IRCE 2011 Report: Determining an e-retailer’s true value

June 15, 2011 11:06 AM

Hot social media and online gaming sites might command higher acquisition prices than other e-commerce operations, but online retailers can still pull off a good deal—if they have the right combination of ingredients buyers are looking for.

That’s one of the main pieces of advice Glen Kayll, chief financial officer of Coastal Contacts, No. 117 in the Internet Retailer Top 500 Guide, gave attendees this week while speaking at the Financing Growth workshop at the Internet Retailer Conference & Exhibition 2011 in San Diego in a session entitled "How much is my business worth?"

Because they have different business models, e-commerce companies can be more difficult to value than traditional retail companies. But business-to-consumer e-commerce companies also offer buyers a unique—and valuable—business development opportunity. “Buyers understand the world continues its relentless shift into Internet retailing,” says Kayll. “Internet retailers are a hot commodity.”

In particular, buyers seek companies on a fast track with an excellent growth opportunity, good cross-selling potential and established customers. More important, potential buyers of an online retail organization want to know that the company has a unique value proposition that sets it apart from other competitors. “They want to know what’s in the secret sauce that makes you different,” says Kayll. “They want to know the answer to the question: Is this company capable of moving the needle?”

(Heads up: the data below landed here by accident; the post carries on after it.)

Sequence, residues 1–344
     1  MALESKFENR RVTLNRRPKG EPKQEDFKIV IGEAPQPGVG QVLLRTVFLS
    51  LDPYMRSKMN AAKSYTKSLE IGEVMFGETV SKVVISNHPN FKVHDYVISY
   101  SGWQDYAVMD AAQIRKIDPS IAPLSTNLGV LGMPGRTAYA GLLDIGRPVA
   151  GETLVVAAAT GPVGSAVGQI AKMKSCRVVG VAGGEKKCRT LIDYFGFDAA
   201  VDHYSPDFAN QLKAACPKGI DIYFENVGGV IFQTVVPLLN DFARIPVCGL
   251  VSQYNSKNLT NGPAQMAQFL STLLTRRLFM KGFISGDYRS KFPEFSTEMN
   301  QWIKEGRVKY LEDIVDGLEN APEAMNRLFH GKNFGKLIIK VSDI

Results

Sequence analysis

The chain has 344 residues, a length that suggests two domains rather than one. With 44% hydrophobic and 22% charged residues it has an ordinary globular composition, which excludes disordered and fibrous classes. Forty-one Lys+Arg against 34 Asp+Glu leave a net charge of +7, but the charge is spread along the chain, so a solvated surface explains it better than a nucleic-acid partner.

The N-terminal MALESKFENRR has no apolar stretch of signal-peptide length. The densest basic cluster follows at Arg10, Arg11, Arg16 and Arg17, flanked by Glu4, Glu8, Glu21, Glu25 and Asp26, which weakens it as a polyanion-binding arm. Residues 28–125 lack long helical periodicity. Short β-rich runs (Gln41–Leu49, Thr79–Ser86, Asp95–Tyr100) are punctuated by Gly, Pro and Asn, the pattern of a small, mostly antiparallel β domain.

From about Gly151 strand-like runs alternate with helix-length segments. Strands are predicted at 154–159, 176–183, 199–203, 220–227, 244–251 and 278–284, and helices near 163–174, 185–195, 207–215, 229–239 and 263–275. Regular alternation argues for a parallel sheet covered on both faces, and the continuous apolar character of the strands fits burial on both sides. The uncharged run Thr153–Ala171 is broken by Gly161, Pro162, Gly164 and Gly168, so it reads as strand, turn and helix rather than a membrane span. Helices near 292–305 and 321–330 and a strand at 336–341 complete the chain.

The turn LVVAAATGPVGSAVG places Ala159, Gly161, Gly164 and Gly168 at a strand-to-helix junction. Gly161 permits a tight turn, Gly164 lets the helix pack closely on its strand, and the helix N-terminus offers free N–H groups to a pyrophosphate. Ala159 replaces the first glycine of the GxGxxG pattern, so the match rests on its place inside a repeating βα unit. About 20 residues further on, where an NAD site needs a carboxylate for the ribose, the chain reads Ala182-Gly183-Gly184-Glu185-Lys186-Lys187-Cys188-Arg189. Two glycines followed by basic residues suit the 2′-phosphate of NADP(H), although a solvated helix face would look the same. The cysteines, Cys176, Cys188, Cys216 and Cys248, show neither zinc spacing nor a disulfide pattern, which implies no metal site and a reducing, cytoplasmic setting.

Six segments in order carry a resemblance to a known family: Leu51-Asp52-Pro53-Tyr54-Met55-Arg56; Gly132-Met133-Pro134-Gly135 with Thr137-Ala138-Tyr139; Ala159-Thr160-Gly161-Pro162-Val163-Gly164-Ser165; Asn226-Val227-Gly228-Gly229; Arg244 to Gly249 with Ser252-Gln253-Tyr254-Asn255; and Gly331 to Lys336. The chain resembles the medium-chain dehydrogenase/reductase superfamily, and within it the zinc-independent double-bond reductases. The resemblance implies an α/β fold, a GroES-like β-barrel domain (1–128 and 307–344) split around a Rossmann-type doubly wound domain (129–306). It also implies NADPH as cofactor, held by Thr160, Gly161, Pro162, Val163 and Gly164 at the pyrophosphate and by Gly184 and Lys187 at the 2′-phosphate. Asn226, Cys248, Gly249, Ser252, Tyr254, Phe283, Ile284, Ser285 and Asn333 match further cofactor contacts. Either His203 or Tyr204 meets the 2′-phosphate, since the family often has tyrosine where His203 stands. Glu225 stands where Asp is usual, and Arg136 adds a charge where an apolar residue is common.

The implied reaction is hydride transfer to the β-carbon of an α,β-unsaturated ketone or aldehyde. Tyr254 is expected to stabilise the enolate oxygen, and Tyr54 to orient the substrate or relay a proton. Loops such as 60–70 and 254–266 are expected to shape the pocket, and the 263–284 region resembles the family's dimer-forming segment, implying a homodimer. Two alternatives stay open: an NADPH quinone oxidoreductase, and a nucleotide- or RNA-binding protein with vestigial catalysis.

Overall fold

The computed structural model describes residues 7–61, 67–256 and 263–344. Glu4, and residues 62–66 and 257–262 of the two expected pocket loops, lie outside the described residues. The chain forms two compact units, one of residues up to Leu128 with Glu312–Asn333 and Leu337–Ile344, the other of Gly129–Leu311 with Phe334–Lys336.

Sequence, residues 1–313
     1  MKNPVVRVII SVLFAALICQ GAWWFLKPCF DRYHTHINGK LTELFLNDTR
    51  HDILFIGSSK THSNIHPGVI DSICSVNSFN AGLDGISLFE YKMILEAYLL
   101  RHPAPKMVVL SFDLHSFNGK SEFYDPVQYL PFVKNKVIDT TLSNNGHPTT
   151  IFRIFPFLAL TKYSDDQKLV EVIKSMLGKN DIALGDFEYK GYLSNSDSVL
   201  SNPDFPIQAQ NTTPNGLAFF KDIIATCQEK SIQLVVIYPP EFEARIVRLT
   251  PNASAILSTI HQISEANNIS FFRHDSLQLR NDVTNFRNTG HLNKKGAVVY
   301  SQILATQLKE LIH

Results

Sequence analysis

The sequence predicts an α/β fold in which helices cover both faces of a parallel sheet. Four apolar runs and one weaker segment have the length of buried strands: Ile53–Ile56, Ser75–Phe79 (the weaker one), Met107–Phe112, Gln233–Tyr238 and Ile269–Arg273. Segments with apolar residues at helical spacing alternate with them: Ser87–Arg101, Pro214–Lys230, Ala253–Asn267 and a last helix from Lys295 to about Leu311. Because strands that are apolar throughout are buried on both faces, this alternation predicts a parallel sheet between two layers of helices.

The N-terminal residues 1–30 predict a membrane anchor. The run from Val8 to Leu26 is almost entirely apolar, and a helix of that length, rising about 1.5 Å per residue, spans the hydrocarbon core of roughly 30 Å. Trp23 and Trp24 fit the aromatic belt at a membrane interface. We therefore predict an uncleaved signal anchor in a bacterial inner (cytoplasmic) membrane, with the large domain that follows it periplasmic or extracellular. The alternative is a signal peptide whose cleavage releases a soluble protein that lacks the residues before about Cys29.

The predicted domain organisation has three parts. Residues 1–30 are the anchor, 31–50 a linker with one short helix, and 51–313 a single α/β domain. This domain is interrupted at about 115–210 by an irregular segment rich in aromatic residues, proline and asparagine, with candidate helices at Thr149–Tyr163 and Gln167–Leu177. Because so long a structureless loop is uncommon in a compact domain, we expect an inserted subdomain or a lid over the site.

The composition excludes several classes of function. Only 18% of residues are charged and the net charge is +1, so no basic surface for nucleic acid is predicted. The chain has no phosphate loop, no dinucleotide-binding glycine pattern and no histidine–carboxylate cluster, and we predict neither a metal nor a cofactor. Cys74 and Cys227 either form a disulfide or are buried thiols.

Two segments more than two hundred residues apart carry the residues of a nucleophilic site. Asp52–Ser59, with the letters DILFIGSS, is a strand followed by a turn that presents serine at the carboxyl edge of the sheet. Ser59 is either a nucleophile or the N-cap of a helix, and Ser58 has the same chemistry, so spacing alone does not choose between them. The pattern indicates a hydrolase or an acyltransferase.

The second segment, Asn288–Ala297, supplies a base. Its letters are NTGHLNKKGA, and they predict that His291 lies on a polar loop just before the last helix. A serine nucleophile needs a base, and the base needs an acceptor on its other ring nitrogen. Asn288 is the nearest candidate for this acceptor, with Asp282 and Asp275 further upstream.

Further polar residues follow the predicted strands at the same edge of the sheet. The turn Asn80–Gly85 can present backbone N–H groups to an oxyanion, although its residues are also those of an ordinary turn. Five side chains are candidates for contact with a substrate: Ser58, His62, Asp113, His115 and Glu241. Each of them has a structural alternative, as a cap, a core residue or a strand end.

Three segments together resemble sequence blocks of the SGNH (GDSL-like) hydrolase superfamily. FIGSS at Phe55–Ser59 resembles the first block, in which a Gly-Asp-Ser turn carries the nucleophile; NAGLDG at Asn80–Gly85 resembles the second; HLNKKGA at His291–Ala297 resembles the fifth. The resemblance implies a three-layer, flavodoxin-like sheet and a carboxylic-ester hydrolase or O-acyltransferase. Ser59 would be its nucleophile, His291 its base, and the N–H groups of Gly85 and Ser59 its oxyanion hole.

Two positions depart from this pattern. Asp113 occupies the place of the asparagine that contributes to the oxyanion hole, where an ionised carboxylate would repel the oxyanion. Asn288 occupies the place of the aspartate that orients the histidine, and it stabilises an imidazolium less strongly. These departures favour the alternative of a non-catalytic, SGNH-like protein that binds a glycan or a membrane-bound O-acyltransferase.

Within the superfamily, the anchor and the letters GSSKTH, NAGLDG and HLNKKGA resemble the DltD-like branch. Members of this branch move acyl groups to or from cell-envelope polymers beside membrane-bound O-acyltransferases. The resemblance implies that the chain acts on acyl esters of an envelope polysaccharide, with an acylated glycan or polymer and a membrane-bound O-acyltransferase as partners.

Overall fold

Coastal Contacts, a Canadian online eyewear retailer, has made several acquisitions over time, particularly in Europe, says Kayll. During due diligence of any acquisition, Coastal Contacts is interested in many factors, but looks particularly close at the management. “Getting to know the owners and management helps you understand if the company is in control of its own destiny,” he says.

Web retailers can follow several steps to make their companies look more attractive to serious bidders, says Jonathan Thralow, a former online retailing executive and now a partner with Tycoons Private Equity Funds. The first step involves raising the company’s public profile. “You need to stand on the street corner and look sexy to draw attention,” says Thralow.

To get the company in shape for potential buyers, any online retailer also needs to get its financial house in order—and disclose certain positive financial results such as growing sales and profits in press releases and other public forums. “The better you look, the higher the asking price,” says Thralow. “You need to get your information out.”




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